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My inner scientist seems to have awoken this year!  Here are a few experiments I’m currently conducting in my gardens.002Regular visitors to my site know that last summer, I was quite taken with the display of yellow Lantana and Gomphrena ‘Las Vegas Purple’ at the Penn State Botanical Garden.  Having had a hard time finding Gomphrena in the nurseries in past years, I decided to start my own at home. I chose Las Vegas Purple and Audray Bicolor Rose.  I ran into a quandary, however, when it came time to plant the seeds.  The packets and some web sites advised total darkness; however, other sites insisted they needed light to germinate.gomphrena "Light" groupgomphrena "Dark" group

I decided to run my own test, and started some in complete darkness, and another group exposed to the  light, with the seeds just gently pushed into the starter mix.  I positioned both groups on a heated mat under the grow lights in my basement.  (One thing all the sources agreed upon was the need for germination.)  Within twenty-four hours, many of the seeds in the light group showed roots.  A day later, several sprouts had already developed.  There were twice as many sprouts in the dark group as in the light group, and they were slightly taller than their light group counterparts.

On the fifth day, 62 out of 100 total seeds had sprouted, and I removed the plastic “greenhouse” wrappings so both groups were exposed to the grow light and open air.  By the time the seedlings were twelve days old, there was no discernible difference between the dark and light group seedlings, and the germination percentages were the same between the groups.  I conclude, then, that Gomphrena seeds will germinate equally well in light or dark conditions.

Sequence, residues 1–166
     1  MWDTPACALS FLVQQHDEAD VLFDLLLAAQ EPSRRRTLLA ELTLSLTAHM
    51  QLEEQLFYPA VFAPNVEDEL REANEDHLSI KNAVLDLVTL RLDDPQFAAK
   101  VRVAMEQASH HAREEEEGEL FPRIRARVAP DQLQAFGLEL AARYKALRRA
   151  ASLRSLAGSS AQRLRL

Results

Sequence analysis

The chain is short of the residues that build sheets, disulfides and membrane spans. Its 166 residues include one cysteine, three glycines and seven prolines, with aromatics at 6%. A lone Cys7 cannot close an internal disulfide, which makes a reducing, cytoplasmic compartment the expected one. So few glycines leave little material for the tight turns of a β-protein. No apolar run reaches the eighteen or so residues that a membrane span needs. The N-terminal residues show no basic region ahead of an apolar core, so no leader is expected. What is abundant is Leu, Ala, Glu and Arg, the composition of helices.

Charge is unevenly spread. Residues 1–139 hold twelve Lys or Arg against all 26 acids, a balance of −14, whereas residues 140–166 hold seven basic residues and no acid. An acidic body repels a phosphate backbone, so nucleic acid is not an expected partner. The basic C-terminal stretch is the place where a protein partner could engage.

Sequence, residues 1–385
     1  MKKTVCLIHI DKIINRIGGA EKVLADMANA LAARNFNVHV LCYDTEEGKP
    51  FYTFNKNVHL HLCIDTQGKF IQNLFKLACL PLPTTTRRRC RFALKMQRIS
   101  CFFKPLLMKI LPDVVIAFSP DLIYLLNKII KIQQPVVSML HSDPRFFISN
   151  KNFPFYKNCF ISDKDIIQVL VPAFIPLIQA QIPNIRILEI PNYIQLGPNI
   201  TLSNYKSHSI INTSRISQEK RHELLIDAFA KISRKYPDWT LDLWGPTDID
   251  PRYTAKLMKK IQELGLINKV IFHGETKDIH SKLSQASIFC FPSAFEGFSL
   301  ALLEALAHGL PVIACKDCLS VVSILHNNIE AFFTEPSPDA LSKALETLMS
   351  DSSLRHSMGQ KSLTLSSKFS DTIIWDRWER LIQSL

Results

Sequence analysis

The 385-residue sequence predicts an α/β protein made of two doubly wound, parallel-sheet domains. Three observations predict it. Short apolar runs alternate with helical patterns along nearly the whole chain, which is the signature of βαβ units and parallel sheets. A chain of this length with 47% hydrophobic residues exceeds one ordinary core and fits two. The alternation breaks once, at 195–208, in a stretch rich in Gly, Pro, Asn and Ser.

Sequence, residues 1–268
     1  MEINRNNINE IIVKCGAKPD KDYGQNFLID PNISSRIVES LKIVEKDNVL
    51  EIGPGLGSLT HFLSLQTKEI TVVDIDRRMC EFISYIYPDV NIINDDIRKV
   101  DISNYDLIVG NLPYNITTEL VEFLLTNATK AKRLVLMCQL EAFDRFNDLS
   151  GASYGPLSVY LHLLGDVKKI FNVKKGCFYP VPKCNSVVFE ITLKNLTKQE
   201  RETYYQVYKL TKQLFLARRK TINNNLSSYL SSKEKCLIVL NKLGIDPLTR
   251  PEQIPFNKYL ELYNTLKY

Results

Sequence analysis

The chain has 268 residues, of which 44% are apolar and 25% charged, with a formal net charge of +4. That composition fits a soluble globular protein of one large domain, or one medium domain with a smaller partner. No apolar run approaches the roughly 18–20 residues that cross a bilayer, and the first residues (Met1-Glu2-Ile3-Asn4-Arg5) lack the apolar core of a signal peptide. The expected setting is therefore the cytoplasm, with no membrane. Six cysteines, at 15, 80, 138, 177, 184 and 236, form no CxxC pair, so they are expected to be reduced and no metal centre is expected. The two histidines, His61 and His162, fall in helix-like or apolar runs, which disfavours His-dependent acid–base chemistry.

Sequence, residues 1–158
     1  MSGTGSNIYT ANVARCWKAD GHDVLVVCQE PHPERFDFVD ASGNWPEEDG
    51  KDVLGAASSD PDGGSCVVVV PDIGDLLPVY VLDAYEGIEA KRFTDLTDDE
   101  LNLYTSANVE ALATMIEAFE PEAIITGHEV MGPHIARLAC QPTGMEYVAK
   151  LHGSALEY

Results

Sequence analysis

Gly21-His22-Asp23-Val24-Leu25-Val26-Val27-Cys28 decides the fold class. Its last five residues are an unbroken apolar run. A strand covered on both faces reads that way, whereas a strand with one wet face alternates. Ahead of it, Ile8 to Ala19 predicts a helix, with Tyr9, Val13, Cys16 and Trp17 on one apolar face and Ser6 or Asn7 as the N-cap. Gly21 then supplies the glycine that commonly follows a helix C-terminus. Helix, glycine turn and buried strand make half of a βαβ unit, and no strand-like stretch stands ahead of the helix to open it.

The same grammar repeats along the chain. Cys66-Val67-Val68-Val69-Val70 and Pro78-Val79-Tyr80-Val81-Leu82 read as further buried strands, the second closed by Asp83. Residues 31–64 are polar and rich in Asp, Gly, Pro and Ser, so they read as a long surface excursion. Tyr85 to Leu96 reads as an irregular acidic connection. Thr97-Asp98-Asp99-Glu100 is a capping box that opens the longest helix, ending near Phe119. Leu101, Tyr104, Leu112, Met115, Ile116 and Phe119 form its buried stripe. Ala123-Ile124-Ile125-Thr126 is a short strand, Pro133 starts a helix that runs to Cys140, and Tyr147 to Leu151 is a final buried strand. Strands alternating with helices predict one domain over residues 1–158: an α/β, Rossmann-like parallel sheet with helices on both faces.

The Gomphrena seeds may have sprouted quickly, but they grew VERY slowly!  As the seedlings grew, I first thinned them to one per plug, and then transplanted the plugs into larger, biodegradable pots.  Here is one of the little plants, sowed indoors on April 22, in my garden today, over two months later:young Gomphrena plantI had hoped for more by now!  Luckily, I did find some in a local nursery, in full flower, so I bought a few pots to plant with the Lantana in my front garden.  My experience with trying to start it myself suggests to me why it is so hard to find in nurseries until much later in the season than most other annuals.

Another seed test I conducted was with morning-glories.  Conventionally, we are advised to soak morning-glory seeds in water for twenty-four hours before planting them.  Again though, I found contradictory advice in my reading, which led me to wonder whether soaking is indeed necessary.

I chose four varieties of morning glories, soaked half of the seeds in water, and left the rest dry.   After twenty-four hours, several of the soaked seeds had swollen, split, and begun to grow.Four days after planting, several of the soaked seeds had sprouted, but only one of the dry ones had.  However, by a week into the test, the numbers were close to even, with 58% of the soaked seeds up and 66% of the dry.
morning glory seedlings, 6 days after sowing Two weeks after germination, I found it hard to distinguish the plants that had started from dry seed from the soaked seed.  So, just as light exposure seems to matter not for Gomphrena germination, it seems to make little difference whether morning-glory seeds are soaked or not.